What’s in your box for week 5

Curly Parsley  1 bu
Red Beets w/ Greens  1 bu
Red Chard  1 bu
Cherry Tomatoes  1 pt Romanesco  1 hd
Zucchini  1
Spinach  2 bu
Cilantro  1 bu
Arugula  1 bu
Walla Walla-variety Onion  1 Green Beans  .75 lb


Garlic  2 bulbs
Cucumber  2
Purple Cauliflower  1 hd
Spinach  2 bu
Cilantro  1 bu
Arugula  1 bu
Walla Walla-variety Onion  1



Romanesco comes from the same veggie family as broccoli, cauliflower, Brussels sprouts, and cabbage. It tastes very similar to cauliflower, but with a slightly nuttier, earthier flavor.

Romanesco (sometimes called Romanesco Broccoli or Roman Cauliflower) did not always exist in nature. Many botanists believe it was the result of selective breeding by Italian farmers in the 16th century.

You can use it as you would cauliflower in recipes, and it holds up to many different cooking methods. It can be served raw, lightly cooked, or cooked through. Sauté it slowly with garlic and lemon zest, with red pepper flakes for zing. It’s also delicious steamed and lightly seasoned with olive oil and red wine vinegar.

Of course, the most fascinating part of Romanesco is its appearance. Its spiraled buds form a natural approximation of a fractal, meaning each bud in the spiral is composed of a series of smaller buds.

Vitamins and minerals are abundant in Romanesco and calories are low, making it a nutrient-dense food that is ideal for the vegan diet.

It has vitamins C, A, and K as well as folate, dietary fiber, iron, manganese, carotene, protein, zinc, and omega-3 fatty acids. It is a well-tolerated food for those who have sensitive stomachs.

Romanesco w/ Salsa Verde

Salsa verde, the traditional Italian green sauce, is often made with parsley, but any tender green herb will do. Use your cilantro (or a combination of the 2 herbs) for an especially zippy, citrusy sauce, which partners beautifully with roasted Romanesco or purple cauliflower.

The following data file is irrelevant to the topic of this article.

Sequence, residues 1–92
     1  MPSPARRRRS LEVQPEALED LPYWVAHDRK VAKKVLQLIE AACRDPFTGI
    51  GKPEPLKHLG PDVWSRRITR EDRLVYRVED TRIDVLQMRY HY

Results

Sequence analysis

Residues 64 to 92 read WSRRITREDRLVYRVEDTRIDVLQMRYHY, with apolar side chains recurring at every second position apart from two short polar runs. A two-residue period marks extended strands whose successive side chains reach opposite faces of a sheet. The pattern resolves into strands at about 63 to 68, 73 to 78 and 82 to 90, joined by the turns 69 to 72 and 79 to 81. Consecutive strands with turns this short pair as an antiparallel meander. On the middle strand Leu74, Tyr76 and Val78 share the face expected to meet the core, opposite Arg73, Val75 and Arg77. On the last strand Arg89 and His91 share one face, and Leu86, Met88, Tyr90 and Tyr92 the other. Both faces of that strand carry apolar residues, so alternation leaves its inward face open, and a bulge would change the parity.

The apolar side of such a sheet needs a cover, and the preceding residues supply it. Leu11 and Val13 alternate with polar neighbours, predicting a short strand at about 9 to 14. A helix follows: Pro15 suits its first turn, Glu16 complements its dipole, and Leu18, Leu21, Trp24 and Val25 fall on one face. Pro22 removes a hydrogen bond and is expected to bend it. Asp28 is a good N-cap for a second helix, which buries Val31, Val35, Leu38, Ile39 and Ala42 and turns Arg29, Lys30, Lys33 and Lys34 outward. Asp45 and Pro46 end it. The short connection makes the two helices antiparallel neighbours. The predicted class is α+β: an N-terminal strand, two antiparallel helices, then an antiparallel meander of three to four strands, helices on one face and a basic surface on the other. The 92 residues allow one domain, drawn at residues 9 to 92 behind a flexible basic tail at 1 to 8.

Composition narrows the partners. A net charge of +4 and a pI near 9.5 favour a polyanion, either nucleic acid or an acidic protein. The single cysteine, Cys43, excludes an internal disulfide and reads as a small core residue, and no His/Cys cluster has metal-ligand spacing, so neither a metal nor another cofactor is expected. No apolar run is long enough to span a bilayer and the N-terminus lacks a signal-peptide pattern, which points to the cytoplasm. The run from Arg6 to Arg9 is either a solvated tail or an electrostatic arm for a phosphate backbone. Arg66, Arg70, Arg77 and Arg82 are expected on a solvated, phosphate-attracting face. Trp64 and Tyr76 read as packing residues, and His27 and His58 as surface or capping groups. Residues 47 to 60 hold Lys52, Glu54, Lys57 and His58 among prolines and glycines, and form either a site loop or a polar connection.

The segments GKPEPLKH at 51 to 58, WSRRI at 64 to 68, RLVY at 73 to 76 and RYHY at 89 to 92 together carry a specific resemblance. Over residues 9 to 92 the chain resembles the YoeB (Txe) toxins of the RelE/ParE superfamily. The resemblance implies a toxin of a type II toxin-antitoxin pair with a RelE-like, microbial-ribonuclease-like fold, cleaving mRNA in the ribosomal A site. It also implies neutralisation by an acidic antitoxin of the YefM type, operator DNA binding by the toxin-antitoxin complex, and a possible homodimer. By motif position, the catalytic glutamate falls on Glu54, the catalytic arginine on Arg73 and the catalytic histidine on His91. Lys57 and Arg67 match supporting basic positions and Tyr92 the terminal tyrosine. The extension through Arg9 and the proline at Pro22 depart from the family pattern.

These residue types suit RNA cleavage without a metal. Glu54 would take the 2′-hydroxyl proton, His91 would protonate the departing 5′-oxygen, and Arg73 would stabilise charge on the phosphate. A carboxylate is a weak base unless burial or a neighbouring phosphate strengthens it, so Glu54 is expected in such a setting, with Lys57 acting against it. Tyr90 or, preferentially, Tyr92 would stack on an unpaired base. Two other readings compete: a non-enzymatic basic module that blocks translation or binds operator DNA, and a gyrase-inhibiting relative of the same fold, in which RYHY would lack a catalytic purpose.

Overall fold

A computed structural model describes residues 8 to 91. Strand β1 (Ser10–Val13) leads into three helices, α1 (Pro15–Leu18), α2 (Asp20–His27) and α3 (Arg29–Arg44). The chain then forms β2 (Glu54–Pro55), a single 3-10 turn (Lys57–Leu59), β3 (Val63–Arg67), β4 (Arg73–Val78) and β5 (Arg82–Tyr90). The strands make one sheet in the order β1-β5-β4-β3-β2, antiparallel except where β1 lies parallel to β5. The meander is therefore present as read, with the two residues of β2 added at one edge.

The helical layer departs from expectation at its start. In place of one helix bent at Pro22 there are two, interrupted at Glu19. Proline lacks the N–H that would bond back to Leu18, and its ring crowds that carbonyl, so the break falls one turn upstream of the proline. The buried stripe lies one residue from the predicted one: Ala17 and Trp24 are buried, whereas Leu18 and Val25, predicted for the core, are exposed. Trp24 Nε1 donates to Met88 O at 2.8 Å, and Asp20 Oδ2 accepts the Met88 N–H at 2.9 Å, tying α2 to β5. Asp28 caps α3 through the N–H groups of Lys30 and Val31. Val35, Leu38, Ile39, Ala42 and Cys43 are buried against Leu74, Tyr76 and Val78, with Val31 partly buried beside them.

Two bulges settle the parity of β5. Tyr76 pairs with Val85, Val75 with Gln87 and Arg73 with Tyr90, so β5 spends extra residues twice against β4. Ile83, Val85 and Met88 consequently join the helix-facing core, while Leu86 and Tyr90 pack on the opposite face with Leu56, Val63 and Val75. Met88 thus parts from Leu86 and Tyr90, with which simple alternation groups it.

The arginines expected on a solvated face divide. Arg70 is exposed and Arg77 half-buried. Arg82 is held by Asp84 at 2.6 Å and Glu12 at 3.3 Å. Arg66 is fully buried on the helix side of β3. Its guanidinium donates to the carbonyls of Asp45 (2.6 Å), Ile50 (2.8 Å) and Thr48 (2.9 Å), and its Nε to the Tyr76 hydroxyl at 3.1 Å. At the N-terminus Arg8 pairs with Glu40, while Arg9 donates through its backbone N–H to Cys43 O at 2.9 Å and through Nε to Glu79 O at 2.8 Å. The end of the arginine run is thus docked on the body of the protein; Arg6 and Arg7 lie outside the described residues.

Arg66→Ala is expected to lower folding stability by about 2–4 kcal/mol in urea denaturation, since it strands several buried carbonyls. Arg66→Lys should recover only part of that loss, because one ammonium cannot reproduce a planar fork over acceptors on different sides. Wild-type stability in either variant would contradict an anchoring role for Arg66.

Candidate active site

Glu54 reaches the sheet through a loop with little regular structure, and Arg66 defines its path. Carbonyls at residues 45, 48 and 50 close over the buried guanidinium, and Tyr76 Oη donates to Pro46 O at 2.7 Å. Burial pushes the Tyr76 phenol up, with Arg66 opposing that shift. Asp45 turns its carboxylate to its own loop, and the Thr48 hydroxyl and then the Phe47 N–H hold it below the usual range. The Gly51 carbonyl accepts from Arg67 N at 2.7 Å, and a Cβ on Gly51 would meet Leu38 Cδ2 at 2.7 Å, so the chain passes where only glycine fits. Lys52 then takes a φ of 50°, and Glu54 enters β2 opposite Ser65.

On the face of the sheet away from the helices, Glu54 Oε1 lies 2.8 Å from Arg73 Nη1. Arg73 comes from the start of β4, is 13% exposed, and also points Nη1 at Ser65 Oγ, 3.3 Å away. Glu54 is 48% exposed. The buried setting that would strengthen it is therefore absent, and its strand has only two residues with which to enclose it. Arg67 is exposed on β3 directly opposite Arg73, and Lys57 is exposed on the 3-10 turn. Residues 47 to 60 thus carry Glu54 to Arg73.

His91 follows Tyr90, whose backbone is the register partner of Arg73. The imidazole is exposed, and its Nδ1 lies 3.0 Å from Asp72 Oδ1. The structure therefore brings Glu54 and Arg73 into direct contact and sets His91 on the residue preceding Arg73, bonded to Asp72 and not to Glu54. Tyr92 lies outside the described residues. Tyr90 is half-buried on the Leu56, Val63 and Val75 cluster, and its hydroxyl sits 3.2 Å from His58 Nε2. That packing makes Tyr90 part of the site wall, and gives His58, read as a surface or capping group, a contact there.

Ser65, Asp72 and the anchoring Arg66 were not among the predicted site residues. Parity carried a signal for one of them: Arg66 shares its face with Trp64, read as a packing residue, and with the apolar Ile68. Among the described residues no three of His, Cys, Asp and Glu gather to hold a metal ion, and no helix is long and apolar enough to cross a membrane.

1½ lb Romanesco
5 Tbsp. extra-virgin olive oil
2 small cloves garlic, peeled
Zest and juice of 2 lemons
1½ cups cilantro leaves
2 ounces olives, pitted and thinly sliced
Salt and freshly ground black pepper

Preheat the oven to 425°F. Peel away the dark green outer leaves of the Romanesco. (The leaves are edible and quite flavorful; try sautéing them in olive oil.) Using your hands, gently break the entire head into small, bite-sized florets. Spread them on a baking sheet, drizzle with 4 tablespoons olive oil, sprinkle with ½ teaspoon salt and a few grinds of pepper, and toss to coat each floret. Bake for about 15 minutes, or until the florets are tender all the way through and a little caramelized around the edges.

Meanwhile, in the bowl of a food processor fitted with a metal blade, combine the garlic, lemon zest and juice, cilantro, remaining 1 tablespoon olive oil, and ½ teaspoon salt. Blend until smooth.

In a large bowl, toss the roasted Romanesco with the salsa verde and the olives. Taste for seasoning, adding another pinch of salt if needed. Serve warm or cooled to room temperature. It is also delicious chilled overnight and eaten for lunch on the following day.

A Summer Salad

The contents of this week’s box sounds like a fantastic summer salad—chopped parsley and cilantro, cauliflower florets, spinach and arugula leaves, sliced cukes and zucchini, and cherry tomatoes! All you need is a tasty vinaigrette.

Find a basic vinaigrette recipe with 8 interesting variations at www.food.com.

Walla Walla-variety Onion

The sweetness of the Walla Walla onion is due to its low sulfur content, rather than more sugar. Onions are an excellent source of chromium, vitamin C and B6, and a good source of dietary fiber and a number of flavonoids. The sulfur compounds, chromium and B6 work together to lower blood pressure and reduce the risk of heart disease and stroke. Only those grown in Walla Walla can legally carry that name, hence the word “variety.”





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